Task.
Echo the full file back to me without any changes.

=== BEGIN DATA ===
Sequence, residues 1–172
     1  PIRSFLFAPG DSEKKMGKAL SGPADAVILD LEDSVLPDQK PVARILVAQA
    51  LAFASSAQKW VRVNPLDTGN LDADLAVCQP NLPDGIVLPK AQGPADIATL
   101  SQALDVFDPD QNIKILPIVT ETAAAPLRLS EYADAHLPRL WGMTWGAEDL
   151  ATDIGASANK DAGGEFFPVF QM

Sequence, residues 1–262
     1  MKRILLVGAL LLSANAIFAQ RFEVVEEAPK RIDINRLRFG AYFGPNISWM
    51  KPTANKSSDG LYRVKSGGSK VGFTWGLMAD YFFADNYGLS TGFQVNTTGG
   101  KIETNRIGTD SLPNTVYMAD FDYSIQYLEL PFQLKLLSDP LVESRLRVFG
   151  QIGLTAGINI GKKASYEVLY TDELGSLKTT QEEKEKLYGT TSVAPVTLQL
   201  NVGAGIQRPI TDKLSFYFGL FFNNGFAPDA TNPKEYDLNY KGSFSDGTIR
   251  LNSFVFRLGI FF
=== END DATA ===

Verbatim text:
Sequence, residues 1–172
     1  PIRSFLFAPG DSEKKMGKAL SGPADAVILD LEDSVLPDQK PVARILVAQA
    51  LAFASSAQKW VRVNPLDTGN LDADLAVCQP NLPDGIVLPK AQGPADIATL
   101  SQALDVFDPD QNIKILPIVT ETAAAPLRLS EYADAHLPRL WGMTWGAEDL
   151  ATDIGASANK DAGGEFFPVF QM

Sequence, residues 1–262
     1  MKRILLVGAL LLSANAIFAQ RFEVVEEAPK RIDINRLRFG AYFGPNISWM
    51  KPTANKSSDG LYRVKSGGSK VGFTWGLMAD YFFADNYGLS TGFQVNTTGG
   101  KIETNRIGTD SLPNTVYMAD FDYSIQYLEL PFQLKLLSDP LVESRLRVFG
   151  QIGLTAGINI GKKASYEVLY TDELGSLKTT QEEKEKLYGT TSVAPVTLQL
   201  NVGAGIQRPI TDKLSFYFGL FFNNGFAPDA TNPKEYDLNY KGSFSDGTIR
   251  LNSFVFRLGI FF